This review unit was sent to me courtesy of the nice people at UYESEE, so thank you very much, and especially Ryan, for the help!
First, a clarification: the M5 is NOT a TV box. It may seem that I only review those, but this blog is not dedicated to this product type alone.
The Audiocast M5 is a new product which targets music lovers. It combines wireless (or wired, but powered) speakers, a small chromecast-like (the M5) device and a simple (and free) application – to allow you to send music (same or different) to multiple locations in the house.
What’s in the Box?
The box includes the basics needed for the audio streaming: aside from the round (disc like) Audiocast M5 streamer itself, we get a stereo PL 3.5 mm cable for connection to powered speakers, a USB – Micro-USB cable for providing power to the streamer, and a small user manual.
The Audiocast M5 is a small round device, reminiscent of a hockey puck. It is made of plastic and very light in weight. The top is black, and the rest of the streamer is a silvery dark grey plastic.
|WiFi Audio||Ralink RT5350F WiSoC|
|Connectivity||802.11 b/g/n with WPS button|
|Memory / Storage||Windbond 9825 series flash (256Mbit)|
|Audio Output||3.5mm stereo jack|
|Power||5V via micro USB port|
The M5 has a niche purpose: to stream music to powered speakers over wireless network. If you have more than one unit, you can handle multiple destinations simultaneously. The music can be different songs/sources to each of the (up to) 7 destinations, same for each two, or same for all. What you’ll need is a M5 unit in each location connected to a set of powered speakers via standard 3.5 mm stereo cable. Oh, and you’ll need a power source that provides power via a USB port.
The only control interface for this little gadget is via smartphone – a free app called Audiocast which can find the M5/s on the same WiFi (limited to 2.4 GHz) network. There’s an Android version, and an iPhone version.
First, you hook the small gadget to a power source (I used the included USB to Micro-USB cable to draw power from one of my TV’s USB ports), and using the stereo 3.5 mm PL cable to a powered speaker (in this case, a Bluetooth speaker’s wired input port). Next, we fire up the Audiocast app on our phone/tablet, and let it search for the device on our local network (should be the 2.4 GHz network if you have a choice, as the M5 does not support the newer 802.11ac standard). You may be asked to press the WPS button on the M5 to sync it to the network before you’re able to see it on your phone/tablet.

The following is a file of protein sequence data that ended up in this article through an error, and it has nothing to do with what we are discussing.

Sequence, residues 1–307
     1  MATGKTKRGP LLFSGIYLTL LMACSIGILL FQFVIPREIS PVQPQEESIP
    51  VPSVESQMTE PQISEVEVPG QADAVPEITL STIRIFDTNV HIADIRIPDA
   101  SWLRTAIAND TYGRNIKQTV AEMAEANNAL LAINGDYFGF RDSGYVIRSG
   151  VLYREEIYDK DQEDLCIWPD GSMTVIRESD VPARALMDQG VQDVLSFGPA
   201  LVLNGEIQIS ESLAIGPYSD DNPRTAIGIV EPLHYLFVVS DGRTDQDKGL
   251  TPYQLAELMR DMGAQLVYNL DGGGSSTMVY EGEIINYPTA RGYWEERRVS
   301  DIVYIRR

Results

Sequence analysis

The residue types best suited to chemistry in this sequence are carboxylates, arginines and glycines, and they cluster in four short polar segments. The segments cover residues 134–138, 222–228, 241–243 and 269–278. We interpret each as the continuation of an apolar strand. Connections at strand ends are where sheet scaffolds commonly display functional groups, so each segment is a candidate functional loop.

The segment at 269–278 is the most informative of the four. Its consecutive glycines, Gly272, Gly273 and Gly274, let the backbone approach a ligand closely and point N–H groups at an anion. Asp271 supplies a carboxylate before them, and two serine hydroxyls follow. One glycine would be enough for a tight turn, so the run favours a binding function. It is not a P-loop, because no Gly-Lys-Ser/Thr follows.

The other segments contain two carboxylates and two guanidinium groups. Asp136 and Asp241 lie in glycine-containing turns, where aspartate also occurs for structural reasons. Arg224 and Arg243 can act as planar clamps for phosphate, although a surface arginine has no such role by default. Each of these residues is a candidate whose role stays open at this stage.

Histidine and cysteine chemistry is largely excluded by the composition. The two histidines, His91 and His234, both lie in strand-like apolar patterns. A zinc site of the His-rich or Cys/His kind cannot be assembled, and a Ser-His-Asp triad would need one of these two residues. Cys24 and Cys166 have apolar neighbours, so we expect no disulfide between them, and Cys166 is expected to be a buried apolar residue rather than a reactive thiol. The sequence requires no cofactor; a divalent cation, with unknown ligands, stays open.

Once it’s found, and you enter a password for the network (unless your network is an open one), you can choose to stream live radio (via apps such as the popular TuneIn, Pandora, Spotify and others) or from your own collection – as long as it’s located on the smartphone or tablet you’re using. The relevant streaming source apps also need to be installed on your phone/tablet and an account in each is advised.
Using the M5 is not difficult. Most screens are self explanatory, and there are not too many options to confuse you. I do wish the player and system integration of the android version were more diverse and capable than they currently are.
Here is a comparison table that tries to show the differences and advantages that the M5 holds over its competitors (mainly chromecast audio, and Sonos) as well as over standard Bluetooth audio streaming:
Bugs and Issues
For the most part, this device is bug-free. It is one of the most promoted devices of UYESEE right now, and got a lot of attention put into it. However, no device is free of issues:
- During live streaming playback, you don’t really see advancement (no buffer that allows you to jump ahead or back a few seconds) – you can only play, pause or stop.
- There’s a small delay between playback and stopping from when you press the relevant touch button and till it actually happens.
- You can only find your network shared music folders, if you turn on public media sharing. Password protected (did not try non-protected) SMB shares are not supported. Also, Audiocast does not arrange them properly, or it may just take a very long time to arrange them and so I could only play back from the general, jumbled up list.
- The playback screen is a bit spartan. There are no controls like those that can be found in many android music players – equalizer, bass, and so on.
- I could not send files to be played in Audiocast from outside programs (I can send such files to other programs using “share” or “send” options from file browsers).
- The power supply is a bit of an issue. There is no DC power adapter included, and without getting one, you’ll need to depend on a powerbank, or some other available USB power source – that can be quite inconvenient.
- Certain streaming audio codecs seems not to be supported, as evident in this next photo:
Did I like it? Somewhat. I do not see much use for the M5 when these days you can get a Bluetooth speaker which can make use of most wireless sources (I.E. Smartphones and Tablets) quite easily. Yes, you won’t be able to send multiple sources from the same device to multiple speakers, but that can probably be changed with some Bluetooth enabled app. Is there a real need for the M5, or is it a very niche product that may not find great demand?
Would I recommend it? Yes, but only to those who require this specific kind of service. Most others can do quite well with Bluetooth streaming.
So you’d like to buy this audio streamer? Here’s where you can buy it for a mere 36 USD: Focalbay M5 AudioCast Airplay Dlna Qplay Wi-Fi Multi-Room Music Streamer Box for IOS / Android